Sprint Announces The Samsung Instinct s30: Slimmer, Smarter, And More Open


Posted April 1, 2009 - By r_pad

Sprint Announces The Samsung Instinct s30: Slimmer, Smarter, And More OpenSprint has announced that it will be offering the Samsung Instinct s30 on April 19, 2009. The successor to its popular Instinct M800 touchscreen phone, the s30 boasts numerous improvements over its predecessor. One of the biggest complaints of the M800 was its web browser -- it sucked. Sprint is remedying this by including Opera Mini 4.2 with the s30. A new instant messaging client has been included, as well. Naturally, the s30 is slimmer and sleeker than the M800 (although reports out of the CTIAtradeshow claim that it has a plastic-y feel).

The biggest change is that the s30 will be developer friendly, giving the s30 the potential to surpass other handsets in the "feature phone" market (or as I like to call them, dumbphones). According to Sprint:

"Instinct s30 will also be more 'open' than its predecessor, with access to core Java APIs (application programming interface), including messaging, multimedia and Bluetooth, which allow developers to take advantage of the phone’s features. By providing this open access, Sprint  is providing what developers have been seeking and making it possible for them to create more sophisticated and innovative new applications for customers to use on the Instinct family of phones."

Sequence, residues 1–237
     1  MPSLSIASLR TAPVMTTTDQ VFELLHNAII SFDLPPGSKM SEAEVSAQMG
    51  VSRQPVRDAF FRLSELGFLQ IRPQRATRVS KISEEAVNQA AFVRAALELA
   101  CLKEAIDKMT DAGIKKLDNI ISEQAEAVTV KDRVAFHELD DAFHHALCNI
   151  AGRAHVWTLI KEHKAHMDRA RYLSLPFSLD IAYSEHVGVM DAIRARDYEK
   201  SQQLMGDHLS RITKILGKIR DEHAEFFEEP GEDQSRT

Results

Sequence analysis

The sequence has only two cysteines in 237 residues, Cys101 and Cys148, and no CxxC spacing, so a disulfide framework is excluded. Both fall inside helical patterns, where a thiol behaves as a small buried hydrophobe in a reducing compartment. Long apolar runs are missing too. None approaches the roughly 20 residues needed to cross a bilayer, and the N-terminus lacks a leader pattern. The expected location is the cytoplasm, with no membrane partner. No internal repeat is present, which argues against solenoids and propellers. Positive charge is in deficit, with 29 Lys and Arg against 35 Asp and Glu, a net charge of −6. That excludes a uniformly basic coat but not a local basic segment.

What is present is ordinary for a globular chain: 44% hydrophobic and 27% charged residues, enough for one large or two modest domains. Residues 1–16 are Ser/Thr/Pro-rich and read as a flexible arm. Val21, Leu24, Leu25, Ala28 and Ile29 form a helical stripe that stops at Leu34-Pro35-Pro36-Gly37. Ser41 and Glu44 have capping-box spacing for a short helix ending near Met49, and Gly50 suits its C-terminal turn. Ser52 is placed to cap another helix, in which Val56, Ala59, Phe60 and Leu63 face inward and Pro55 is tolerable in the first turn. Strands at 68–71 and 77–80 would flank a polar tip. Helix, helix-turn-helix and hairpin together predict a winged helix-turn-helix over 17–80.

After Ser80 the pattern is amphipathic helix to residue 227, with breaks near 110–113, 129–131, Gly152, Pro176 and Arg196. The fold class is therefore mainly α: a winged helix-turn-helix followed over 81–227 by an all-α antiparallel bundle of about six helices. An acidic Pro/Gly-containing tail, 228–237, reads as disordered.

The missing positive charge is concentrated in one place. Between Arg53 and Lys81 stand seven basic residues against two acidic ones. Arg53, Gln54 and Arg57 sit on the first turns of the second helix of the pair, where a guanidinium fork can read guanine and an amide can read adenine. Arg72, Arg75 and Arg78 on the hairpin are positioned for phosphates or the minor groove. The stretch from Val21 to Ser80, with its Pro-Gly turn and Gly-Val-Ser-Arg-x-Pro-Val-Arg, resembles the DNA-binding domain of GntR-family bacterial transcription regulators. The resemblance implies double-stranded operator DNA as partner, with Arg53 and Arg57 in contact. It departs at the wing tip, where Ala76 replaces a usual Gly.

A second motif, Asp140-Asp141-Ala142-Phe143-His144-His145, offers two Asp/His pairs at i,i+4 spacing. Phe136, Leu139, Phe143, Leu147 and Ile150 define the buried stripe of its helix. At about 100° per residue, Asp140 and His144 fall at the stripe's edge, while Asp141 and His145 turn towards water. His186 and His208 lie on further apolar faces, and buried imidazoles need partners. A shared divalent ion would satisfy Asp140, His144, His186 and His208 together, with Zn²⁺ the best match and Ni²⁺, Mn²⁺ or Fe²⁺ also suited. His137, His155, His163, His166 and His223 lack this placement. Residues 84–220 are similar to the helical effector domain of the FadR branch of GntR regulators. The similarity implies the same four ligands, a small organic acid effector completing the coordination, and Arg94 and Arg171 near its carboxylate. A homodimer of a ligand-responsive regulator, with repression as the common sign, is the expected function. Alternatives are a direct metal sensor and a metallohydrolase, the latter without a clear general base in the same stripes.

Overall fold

Sprint plans to extend its open Java to all of its Java-enabled products. While this new openness is a nice feature, I have my doubts about its potential. I'm guessing that officially supported apps will only be offered through the Sprint Store; that place is so tightly controlled that it makes the iPhone App Store look like a hippie commune. Using unsupported apps can wreak havoc with your phone and in all likelihood, voids warranties.

Developers that want to hit a mass market can develop for the iPhone. If they don't like Apple's developer policies, they can create for Google Android orSymbian S60. In all three cases, they'd be making apps for platforms that are used by numerous carriers around the world. Certainly that's more appealing than creating apps for an American CDMA carrier.

While I was largely unimpressed with the M800, the s30 looks like a superior product. It's not a true smartphone, but it's powerful enough for most users. I'm sure it will do well for Sprint, simply because people are going gaga for touchscreen phones. I'm not yet convinced that developers care enough to create apps for it, but I'd love to be wrong here.

Anyone interested in the s30? Think I'm wrong about developer support for this phone?


Tags: Tech
Sprint Announces The Samsung Instinct s30: Slimmer, Smarter, And More Open